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The Antelope

Cruising past Forsythe Street

“You’re my best friend, Hoke. You are.”

Kaitlin Schneider
Antelope staff

Last week, beginning on Thursday, the Crane River Theater Company produced a unique, on-location performance of the popular drama, “Driving Miss Daisy.” Four performances occurred, one each day, Sept. 7-10. This event was hosted by The Classic Car Collection of Kearney, which features the vehicles present in the performance.

Thursday night’s entertainment began with a self-guided tour of the Bernie and Janice Talbourg Collection, which includes 137 vehicles the couple possess and nearly 60 vehicles on loan from other generous donors.

Before the performance, CRT Managing Director Corey Urbanek said about CRT’s latest production: “The Collection is a perfect fit. With the cars and the time period of the piece, the museum just brings that extra bit of nostalgia and fun to the experience. Plus, with the smaller audience, the actors are just inches away from the seats, offering a more immersive performance than one might see at a larger venue.”

The Kearney performance was superb. The actors, setting and special effects all came together in a nearly flawless rendition of this popular story. The three main characters, Daisy Worthen, her son Boolie Worthen and her chauffeur, Hoke Coleburn, come together in a dazzling trio, which wowed the packed audience.

The familiar story set in the Deep South in the year 1948, shortly before the civil rights movement. Wealthy Atlanta widow Daisy Werthan is determined to keep her independence as she ages. However, after crashing her car, her son, Boolie, arranges a chauffeur.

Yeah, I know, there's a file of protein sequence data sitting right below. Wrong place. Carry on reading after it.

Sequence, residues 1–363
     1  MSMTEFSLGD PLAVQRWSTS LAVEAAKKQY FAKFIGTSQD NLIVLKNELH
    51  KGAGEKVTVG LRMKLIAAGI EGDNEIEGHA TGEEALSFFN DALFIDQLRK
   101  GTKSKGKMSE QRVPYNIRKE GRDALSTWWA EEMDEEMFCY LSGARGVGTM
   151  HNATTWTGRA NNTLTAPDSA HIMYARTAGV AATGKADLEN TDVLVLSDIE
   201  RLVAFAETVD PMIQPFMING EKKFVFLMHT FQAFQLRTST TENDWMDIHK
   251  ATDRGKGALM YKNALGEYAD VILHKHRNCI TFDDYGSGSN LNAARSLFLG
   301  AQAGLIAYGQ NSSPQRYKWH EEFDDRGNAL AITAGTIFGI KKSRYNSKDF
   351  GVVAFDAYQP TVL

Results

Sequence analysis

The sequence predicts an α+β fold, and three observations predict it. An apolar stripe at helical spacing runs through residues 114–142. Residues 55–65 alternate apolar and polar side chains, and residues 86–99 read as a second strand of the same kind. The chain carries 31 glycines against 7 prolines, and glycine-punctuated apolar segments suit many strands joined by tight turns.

Boolie hires Hoke, a thoughtful, unemployed black man whom Miss Daisy immediately dislikes. Daisy and Hoke’s relationship gets off to a rocky start, but they gradually form a close friendship over the years, one that transcends racial prejudices and social conventions. 

Portrayed by Lois Thalken, Daisy’s character is a sharp, sarcastic, Jewish lady who is quite high-strung. However, throughout the play, her character becomes mellowed out and even endearing as she, although reluctant at first, becomes best friends with Hoke.

Lorenzo Scott, the award-winning Broadway and HBO actor, took up the mantle of this deeply moving, emotionally-complex African American driver. He possesses quite the wit of his own, and the bickering between the two eventually becomes akin to that of an old married couple.

Nevertheless, the cast would be incomplete without Bryce Jensen’s take on Boolie Worthen. His sly southern drawl reminded audience members of Haymitch from The Hunger Games, but even this slight distraction could not draw away from the terrific show this trio put on.

In this unique performance with the stage and the extras placed so close to the audience, it almost felt like a silver screen debut instead of a live one.

Combine the stellar chemistry, brilliant stage and costume design and the emotionally-striking performances, and you got a wonderful night of theater.

Of course, the narrative dives right into more controversial issues, and some of the characters’ more worrisome notions, but by the end of it all, nothing can sever the bond between the two central characters. It is a friendship that lasts despite the class, race and religious differences involved. This is a story worth seeing again; it tears right into problems that are still socially relevant and it moves along faster than Miss Daisy’s first 19mph ride-along with Hoke. 

Driving Miss Daisy was made popular off-Broadway in 1987, starring Dana Ivey, Morgan Freeman and Ray Gill as the characters. It was later produced by U.S. National Tours and London’s West End. Later, in 2010, the play moved to Broadway. In fact, it was the highest-grossing Broadway play in the week of Jan. 16, 2011. It was adapted into a popular 1989 film starring Jessica Tandy, Morgan Freeman and Dan Aykroyd, which is the only off-Broadway adaptation to ever win an Oscar for Best Picture.

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